President of the Pontifical Academy of Sciences Peter Raven talked about how Pope Francis believes people should have a limited number of children to control overpopulation. However, all forms of artificial birth control are still being condemned by the Catholic Church. The Vatican academy member was speaking at a forum called “How to Save the Natural World on Which We Depend,” which was run by the Vatican Thursday last week.

Pope Francis and his three most recent predecessors have always argued that you should not have more children than you can bring up properly,” Raven said.

The Pope has called for a limited number of people as a way to counteract the alarming overpopulation rate.

Global population to reach 11 billion

Current statistics indicate that the current global population has more than doubled since 1960 – that being almost 7.5 billion. The United Nations Department of Economic and Social Affairs has since predicted that the year 2030 will see 8.5 billion people. By 2050, the numbers will be up at 9 billion. Finally, the end of the century will have an estimated 11.2 billion people.

Meanwhile, India and China have been accounted for as countries with the quickest growth in population. However, statistics provided by the UN show that between 2015 and 2050, Africa will bring in more than 50 percent of the total population of the world.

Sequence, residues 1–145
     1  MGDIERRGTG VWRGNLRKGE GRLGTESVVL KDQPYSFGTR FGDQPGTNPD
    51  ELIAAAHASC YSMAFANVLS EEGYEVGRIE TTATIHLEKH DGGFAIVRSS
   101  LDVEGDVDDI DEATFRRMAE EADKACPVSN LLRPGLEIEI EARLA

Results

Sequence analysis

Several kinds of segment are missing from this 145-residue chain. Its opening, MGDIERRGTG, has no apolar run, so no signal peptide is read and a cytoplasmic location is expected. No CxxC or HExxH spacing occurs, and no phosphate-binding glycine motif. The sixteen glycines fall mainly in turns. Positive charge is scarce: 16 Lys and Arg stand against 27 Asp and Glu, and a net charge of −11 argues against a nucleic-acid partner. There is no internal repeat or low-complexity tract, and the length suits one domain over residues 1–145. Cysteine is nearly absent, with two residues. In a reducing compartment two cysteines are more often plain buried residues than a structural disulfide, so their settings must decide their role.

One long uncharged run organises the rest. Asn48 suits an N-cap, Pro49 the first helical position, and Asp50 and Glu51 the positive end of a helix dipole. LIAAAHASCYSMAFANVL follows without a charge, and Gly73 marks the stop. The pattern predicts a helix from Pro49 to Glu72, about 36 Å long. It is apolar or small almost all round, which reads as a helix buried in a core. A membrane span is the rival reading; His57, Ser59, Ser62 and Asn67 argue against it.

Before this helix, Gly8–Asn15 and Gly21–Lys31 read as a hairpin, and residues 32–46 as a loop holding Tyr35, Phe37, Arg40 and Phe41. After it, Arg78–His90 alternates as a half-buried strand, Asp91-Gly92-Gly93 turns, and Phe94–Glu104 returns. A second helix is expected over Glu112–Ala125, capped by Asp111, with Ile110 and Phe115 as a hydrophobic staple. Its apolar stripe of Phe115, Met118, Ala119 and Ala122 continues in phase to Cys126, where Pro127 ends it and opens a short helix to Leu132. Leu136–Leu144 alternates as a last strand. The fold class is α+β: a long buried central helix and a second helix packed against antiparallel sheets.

In a 2015 report, only 33 percent of women in Africa of reproductive age chose to use contraceptive methods.

Catholic Church: still no to birth control

Despite Raven relaying Pope Francis’ stance on having numerous children, the Catholic Church still maintains its position against the use of birth control. Artificial contraception is regarded as immoral and sinful, and is against the divine plan, which is to create new life.

Catholics are encouraged by the Church to use Natural Family Planning (NFP) methods instead of condoms, the pill, diaphragms and IUDs.

Ironically, the UN strongly encourages family planning and a method being pushed to do so is by way of contraceptives. In 2012, the United Nations Population Fund published an annual report indicating that access to birth control is a human right.